What, exactly, is a “public accommodation”? While some states exempt churches, synagogues, mosques, or other places that are principally used for religious purposes, see, e.g., Colo. Rev. Stat. § 24-34-601(1), “public accommodation” is generally defined so sweepingly so as to effectively include all businesses. For instance, in Colorado, the following institutions are considered public accommodations:

[A]ny place of business engaged in any sales to the public and any place offering services, facilities, privileges, advantages, or accommodations to the public, including but not limited to any business offering wholesale or retail sales to the public; any place to eat, drink, sleep, or rest, or any combination thereof; any sporting or recreational area and facility; any public transportation facility; a barber shop, bathhouse, swimming pool, bath, steam or massage parlor, gymnasium, or other establishment conducted to serve the health, appearance, or physical condition of a person; a campsite or trailer camp; a dispensary, clinic, hospital, convalescent home, or other institution for the sick, ailing, aged, or infirm; a mortuary, undertaking parlor, or cemetery; an educational institution; or any public building, park, arena, theater, hall, auditorium, museum, library, exhibit, or public facility of any kind whether indoor or outdoor.   C.R.S. § 24-34-601(1)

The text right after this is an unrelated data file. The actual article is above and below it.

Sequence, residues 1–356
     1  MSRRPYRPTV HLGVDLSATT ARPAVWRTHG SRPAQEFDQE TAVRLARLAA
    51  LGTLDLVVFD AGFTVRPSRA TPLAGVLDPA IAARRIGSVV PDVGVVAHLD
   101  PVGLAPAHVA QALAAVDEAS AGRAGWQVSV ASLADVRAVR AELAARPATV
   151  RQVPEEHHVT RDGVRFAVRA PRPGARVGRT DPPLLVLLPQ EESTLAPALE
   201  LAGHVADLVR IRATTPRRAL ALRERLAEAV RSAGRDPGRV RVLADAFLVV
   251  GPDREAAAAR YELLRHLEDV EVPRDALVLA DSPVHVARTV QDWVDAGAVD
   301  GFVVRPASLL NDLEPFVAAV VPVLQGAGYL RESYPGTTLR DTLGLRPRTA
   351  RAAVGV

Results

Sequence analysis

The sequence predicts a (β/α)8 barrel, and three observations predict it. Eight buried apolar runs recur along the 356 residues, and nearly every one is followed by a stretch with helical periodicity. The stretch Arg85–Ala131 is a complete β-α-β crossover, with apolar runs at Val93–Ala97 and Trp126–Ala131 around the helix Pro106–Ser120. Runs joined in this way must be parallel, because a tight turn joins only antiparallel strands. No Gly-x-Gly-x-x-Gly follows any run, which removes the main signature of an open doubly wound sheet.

In the public accommodation cases concerning Christian business owners, courts have been unpersuaded by the proprietor’s willingness to serve homosexuals in any capacity short of one that forces the owner to use her expressive talents to communicate a message that violates her sincerely-held religious beliefs. The courts see no meaningful distinction between choosing to not participate in a ceremony primarily engaged in by homosexuals, and refusing to serve homosexuals themselves, because of their sexual orientation. The courts have justified government-compelled expression in the name of ending discrimination, and any imposition upon conscience rights is, in the words of the New Mexico Supreme Court, “the price of citizenship.” Elane Photography, LLC v. Willock, 309 P.3d 53, 80 (N.M. 2013) (J. Bosson, concurring).